I didn’t set out to become a cook. I simply responded to an urge that had been simmering somewhere low and slow until it boiled to the surface after my mother died. After caring for her for nearly a decade, and nearly thirty years of always doing what I should, I quit my secure job, sold my car, and hopped on a plane to Corsica. Just like that.
On the flight, a little album called Anxiety’s Greatest Hits—with songs like “What Comes Next,” “Killing My Career,” and “You Did What?”—played on repeat in my head. A bell rang, the seatbelt sign came on, the pilot announced that we were preparing for landing. I snapped out of it.
Out the window, tan and olive-green mountains emerged from the turquoise and saphire water below. Reflexively, my body softened, my thoughts eased. I took a breath. Even from high above, it was immediately apparent why the French refer to Corsica as L’Île de Beauté (the beautiful island).
The farm manager rolled up to the Bastia bus stop in a beat-up white and rust truck and beckoned me to hop in. Having worked in the fields that morning, he was still dressed in his patched work pants and dirty t-shirt, with an unruly ponytail of black hair. As we swung around hairpin turns, up and over the mountains to Saint-Florent, he spoke enthusiastically about life on the farm.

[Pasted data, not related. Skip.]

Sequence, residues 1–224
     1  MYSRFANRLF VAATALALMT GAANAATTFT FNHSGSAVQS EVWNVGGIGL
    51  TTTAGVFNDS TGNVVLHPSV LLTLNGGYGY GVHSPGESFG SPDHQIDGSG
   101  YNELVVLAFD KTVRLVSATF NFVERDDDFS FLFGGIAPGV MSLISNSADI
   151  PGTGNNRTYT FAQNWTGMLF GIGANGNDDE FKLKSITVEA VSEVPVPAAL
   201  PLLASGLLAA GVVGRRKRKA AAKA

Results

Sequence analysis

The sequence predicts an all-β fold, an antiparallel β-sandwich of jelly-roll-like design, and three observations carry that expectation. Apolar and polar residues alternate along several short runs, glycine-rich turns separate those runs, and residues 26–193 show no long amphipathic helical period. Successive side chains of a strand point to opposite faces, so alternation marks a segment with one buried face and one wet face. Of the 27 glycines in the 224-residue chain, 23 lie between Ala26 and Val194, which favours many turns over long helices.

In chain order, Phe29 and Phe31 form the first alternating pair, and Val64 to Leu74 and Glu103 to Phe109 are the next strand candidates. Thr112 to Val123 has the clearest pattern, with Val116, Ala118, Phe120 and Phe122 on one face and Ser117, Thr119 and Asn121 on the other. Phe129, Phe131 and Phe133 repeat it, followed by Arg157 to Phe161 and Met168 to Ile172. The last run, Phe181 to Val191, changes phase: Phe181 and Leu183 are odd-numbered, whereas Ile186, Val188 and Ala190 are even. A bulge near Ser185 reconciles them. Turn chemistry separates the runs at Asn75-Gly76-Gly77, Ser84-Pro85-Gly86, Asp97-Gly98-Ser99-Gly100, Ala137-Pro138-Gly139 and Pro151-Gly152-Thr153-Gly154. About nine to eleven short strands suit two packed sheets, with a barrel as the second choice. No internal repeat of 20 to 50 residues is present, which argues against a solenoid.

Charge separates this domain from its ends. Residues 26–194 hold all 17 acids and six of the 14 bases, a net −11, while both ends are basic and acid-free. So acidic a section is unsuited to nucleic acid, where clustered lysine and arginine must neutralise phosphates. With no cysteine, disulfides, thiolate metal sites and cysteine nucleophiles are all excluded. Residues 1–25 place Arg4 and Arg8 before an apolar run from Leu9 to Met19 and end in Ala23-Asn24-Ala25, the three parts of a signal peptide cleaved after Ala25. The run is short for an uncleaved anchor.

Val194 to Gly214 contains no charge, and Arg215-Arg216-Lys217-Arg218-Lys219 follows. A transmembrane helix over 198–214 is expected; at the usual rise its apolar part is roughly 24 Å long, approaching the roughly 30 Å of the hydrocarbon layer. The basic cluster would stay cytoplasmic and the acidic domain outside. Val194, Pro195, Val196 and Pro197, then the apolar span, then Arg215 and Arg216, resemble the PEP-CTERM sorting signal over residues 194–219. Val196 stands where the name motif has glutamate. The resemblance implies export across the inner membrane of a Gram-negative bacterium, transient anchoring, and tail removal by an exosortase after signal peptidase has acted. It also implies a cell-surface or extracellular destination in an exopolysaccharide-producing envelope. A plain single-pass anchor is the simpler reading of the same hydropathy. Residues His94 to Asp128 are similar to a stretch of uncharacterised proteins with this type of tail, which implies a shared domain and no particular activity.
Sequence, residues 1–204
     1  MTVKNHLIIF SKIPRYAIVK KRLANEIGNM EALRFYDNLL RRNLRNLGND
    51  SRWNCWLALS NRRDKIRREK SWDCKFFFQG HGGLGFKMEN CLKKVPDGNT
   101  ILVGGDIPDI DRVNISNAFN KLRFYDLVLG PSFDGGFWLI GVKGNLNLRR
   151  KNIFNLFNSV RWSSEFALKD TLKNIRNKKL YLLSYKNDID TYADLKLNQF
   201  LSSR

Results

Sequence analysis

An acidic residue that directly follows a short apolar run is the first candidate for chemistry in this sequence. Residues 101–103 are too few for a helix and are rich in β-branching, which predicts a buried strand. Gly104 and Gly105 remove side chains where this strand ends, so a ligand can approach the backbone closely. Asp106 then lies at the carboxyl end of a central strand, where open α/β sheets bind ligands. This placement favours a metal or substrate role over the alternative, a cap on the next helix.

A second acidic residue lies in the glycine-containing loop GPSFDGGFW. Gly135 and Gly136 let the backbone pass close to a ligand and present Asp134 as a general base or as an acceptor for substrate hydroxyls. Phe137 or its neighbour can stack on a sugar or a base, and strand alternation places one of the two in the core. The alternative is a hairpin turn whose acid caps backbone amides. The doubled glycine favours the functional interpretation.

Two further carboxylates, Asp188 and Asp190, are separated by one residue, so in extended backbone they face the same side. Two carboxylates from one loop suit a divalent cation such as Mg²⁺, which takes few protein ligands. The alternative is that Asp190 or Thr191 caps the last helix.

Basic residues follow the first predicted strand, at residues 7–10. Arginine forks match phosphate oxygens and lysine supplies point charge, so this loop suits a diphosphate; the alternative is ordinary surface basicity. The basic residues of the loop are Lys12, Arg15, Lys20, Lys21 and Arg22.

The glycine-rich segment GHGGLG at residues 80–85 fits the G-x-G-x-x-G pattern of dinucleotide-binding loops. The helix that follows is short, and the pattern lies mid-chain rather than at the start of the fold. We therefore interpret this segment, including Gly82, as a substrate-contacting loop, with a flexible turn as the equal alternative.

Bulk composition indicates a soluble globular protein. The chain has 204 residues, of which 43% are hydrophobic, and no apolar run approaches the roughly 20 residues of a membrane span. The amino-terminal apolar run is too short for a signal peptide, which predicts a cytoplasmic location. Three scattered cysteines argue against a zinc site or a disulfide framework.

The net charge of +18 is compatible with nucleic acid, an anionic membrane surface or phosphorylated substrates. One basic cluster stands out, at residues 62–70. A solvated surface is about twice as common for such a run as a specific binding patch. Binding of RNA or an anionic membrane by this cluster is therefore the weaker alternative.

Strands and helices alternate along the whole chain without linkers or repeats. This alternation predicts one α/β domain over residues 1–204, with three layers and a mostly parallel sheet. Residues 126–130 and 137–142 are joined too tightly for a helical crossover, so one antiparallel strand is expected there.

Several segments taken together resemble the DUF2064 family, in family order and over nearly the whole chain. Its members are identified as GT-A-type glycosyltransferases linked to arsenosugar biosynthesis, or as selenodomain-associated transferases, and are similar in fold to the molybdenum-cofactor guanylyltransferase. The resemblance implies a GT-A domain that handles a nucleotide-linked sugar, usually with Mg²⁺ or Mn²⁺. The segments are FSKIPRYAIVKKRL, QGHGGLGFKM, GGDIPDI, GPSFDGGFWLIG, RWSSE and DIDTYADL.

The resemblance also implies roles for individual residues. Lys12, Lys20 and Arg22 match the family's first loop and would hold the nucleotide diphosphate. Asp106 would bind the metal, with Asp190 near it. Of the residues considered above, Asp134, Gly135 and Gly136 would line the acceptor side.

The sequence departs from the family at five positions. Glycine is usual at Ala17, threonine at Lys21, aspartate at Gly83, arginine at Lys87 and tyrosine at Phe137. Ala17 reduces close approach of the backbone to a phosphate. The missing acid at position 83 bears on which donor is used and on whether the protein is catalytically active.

As we got closer, a valley rolled down from a crescent of jagged peaks out to sea, unfurling like a carpet woven with shrublands, red-roofed villages and farms. The region is one of the Islands’s most fertile. It’s name, the Nebbio (from the Latin nebula), conjures up the cloudlike mists that descend during winter.
I was drawn to this valley where the mountain meets the sea to work at Le Potager du Nebbio (the garden in the clouds), a farm with a “table à la ferme” (farm-to-table restaurant) run by a husband and wife team, Jérémie and Sophie Verdeau. There, fields wind their way though ancient chestnut, fig, and olive trees. The restaurant sits in a Mediterranean-style farmhouse with wide, arching doorways and airy open spaces that blur the boundary between outdoors and in.
I worked on the farm by day and in the restaurant by night. In the morning, I often found myself in the kitchen, preparing something for the evening meal. In the evening, I was always darting out to the fields to grab some last minute greens. I enjoyed moving fluidly between those two spheres.